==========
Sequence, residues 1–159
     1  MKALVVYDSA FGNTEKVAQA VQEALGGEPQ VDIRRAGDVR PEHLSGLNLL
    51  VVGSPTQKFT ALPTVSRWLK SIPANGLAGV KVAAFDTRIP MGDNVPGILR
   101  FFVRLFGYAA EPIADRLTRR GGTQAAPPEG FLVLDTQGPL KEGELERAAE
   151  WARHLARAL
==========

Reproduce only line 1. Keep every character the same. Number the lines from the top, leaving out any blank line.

Sequence, residues 1–159